For instance, the Mississippian settlement of Cahokia in present-day Illinois began its development 1,000 years before European contact. Though it may have begun as a settlement, such terminology doesn’t aptly describe Cahokia at its peak, when it could best be described as a city by any European or American standard. According to one source, at its peak in the 12th century AD, “the city covered nearly six square miles and boasted a population of as many as 100,000 people” (“Cahokia Mounds – Largest Archeological Site in North America”), though more conservative estimates still put the population of the city at its height at around 50,000 (“America’s Forgotten City”). The larger estimates put Cahokia alongside some of the largest medieval European cities, like London in the 13th century and Florence in the 14th century in terms of population, although reaching 100,000 inhabitants at least 100 years sooner (Hodges); though the conservative estimates still mean that Cahokia would have rivaled any American city until 1780, when Philadelphia’s population reached 40,000 (US Census Office). In the 16th century, when the conquistador Hernando de Soto crossed the Mississippi westwards, the Spanish described the lands they saw as “among the most agriculturally productive of any they had seen” (“Native Americans”). They saw numerous orchards, extensive agricultural fields, and multiple towns with populations numbering in the thousands, joined by a system of roads and trails (“Native Americans”). In 1608, a Spanish priest had supposedly reported the population of Ivatchuco (near Tallahassee) to be around 36,000, though it was just one of many cities before European contact (“AskUs: Why are there no ancient Native American cities in North America?”). Hardly the construction of a nomadic, hunter-gatherer culture. But more importantly, these ethnographic accounts come from the early times of European and Native American interaction, before a more formularized stereotype of Native Americans had been formed and recounted throughout popular literature. The social structures of Native American cultures were shaped by their needs, which were in turn shaped often by the environment in which they lived, and no one would doubt that America is extremely varied in its landforms and biomes. Why would it be fair to assumed that just because someone was “Indian” that they came from a plains-dwelling people? Tens of millions of Native American peoples were spread out all across the Americas, and in their own lands developed thousands of unique cultures and languages. In North America, Alfred Kroeber had distinguished ten broad cultural areas, and though very general, still may be used as an example to indicate the distinction between various cultures of Native Americans. If someone considers just the stereotypical plains-Indian, they are already being reductive of the other nine general categories, but they are also still being too general in that even this descriptor does not differentiate between all the various cultures and tribes of the Plains, like the Blackfoot, Cheyenne, Comanche, Crow, Lakota, Cree, and Ojibwe, just to name a popular handful. And often they may not have even considered before that these tribes lead an entirely different lifestyle than other more widely known Indian tribes in the Southeastern Woodlands, like the familiar Cherokee, Choctaw, Quapaw, Osage, or Seminole.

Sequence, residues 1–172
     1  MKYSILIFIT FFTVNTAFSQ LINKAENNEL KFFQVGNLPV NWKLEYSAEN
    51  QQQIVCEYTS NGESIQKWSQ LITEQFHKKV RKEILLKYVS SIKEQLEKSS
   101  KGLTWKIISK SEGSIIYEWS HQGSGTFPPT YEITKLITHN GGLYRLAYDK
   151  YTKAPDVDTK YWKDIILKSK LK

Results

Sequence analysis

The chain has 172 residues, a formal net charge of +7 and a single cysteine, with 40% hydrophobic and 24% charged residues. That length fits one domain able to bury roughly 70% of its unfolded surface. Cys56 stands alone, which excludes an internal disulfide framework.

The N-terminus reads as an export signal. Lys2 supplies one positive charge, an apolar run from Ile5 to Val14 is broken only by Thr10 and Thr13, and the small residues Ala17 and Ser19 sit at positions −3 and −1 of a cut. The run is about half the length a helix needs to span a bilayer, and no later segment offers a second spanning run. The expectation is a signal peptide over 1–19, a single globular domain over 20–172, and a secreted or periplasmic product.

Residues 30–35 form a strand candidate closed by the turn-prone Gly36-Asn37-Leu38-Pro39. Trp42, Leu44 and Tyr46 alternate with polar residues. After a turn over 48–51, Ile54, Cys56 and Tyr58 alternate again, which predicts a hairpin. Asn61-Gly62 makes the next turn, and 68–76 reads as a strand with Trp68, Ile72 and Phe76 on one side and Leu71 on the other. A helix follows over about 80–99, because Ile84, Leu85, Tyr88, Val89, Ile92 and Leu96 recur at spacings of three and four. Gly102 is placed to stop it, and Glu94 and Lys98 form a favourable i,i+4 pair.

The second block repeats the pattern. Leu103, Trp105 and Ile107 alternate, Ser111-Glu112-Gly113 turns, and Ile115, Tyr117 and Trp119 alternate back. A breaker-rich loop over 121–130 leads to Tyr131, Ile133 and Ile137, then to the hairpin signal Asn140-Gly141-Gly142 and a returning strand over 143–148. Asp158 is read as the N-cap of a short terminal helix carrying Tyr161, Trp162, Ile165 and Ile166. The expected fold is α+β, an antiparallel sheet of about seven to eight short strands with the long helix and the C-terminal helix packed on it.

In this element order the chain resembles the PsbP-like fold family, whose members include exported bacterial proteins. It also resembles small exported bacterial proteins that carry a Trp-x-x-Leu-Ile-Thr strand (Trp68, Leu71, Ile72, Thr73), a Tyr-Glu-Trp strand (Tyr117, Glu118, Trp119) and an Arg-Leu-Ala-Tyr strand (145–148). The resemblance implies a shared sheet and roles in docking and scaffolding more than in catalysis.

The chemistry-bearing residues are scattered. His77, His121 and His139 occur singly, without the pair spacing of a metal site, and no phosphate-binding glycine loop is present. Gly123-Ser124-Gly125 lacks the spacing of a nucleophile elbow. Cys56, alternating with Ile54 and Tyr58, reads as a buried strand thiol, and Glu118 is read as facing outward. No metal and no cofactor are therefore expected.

I don’t at all want to chastise anybody for not knowing about anything I’ve just presented here, because in truth I hadn’t even been that aware myself until recently. I’ve heard the names of various tribes before and even read some of their literature, but the vast scale and variety of pre-Columbian American cultures continues to astound me. What astounds me more is that all of this tends to be simply overlooked when it comes to popular media. In my mind, a fuller embrace of the complexity of Native American cultures would provide an even richer opportunity for storytelling and generally deeper, more considerate media. For example, it seems to me that there is already the thought process in which the Western ear hears “European” but does not just accept that all those in the continent are culturally and linguistically the same; rather, it may hear “European” but still accepts that the term constitutes English, German, French, or Spanish people to name only a few. Many of those different cultures end up in our popular media, yet seldom does anyone create a “European” character, but rather an English, French, or Spanish one. Why, then, would it be our inclination to do so with “Indian” or “Native American”? As culturally collective terms, the familiar “American” or “European” connotes the amalgam of distinction (e.g., of distinct states, regions, or countries), while often “Indian” connotes red skin and plains-living to the effect that “Indian” becomes a term on par in vagueness with “white” and “black.” The point of saying this is not that these terms are “bad” or “wrong,” of course, but rather that I think we should be mindful of what these terms include or preclude. I think “playing Indian” is really simply playing pretend to an artificially constructed concept of what “Indian” is, one that seems to forgo history in favor of media or playground-legend. Most of the time, this is harmlessly intended. Children play pretend because they wish to have fun and use their imagination, and repeat certain names and actions simply because they’ve heard and seen them. Sports teams take mascots in order to create a sense of identity for their team or city. At the end of the day, playing Indian is reductive. Is that wrong? I think that question relies on a lot of context and is for everyone to decide for themselves. Works cited “Native Americans.” Encyclopoedia of Arkansas History and Culture. <http://www.encyclopediaofarkansas.net/encyclopedia/entry-detail.aspx?entryID=408&type=Category&item=Ethnic+Groups&parent=&grandparent=> “Cahokia Mounds – Largest Archeological Site in North America.” Legends of America <https://www.legendsofamerica.com/il-cahokia/> Glenn Hodges, “America’s Forgotten City.” National Geographic <https://www.nationalgeographic.com/magazine/2011/01/americas-forgotten-city/> “AskUs: Why are there no ancient Native American cities in North America?” KickassFacts Encyclopedia <https://www.kickassfacts.com/askus-why-are-there-no-ancient-native-american-cities-in-north-america/>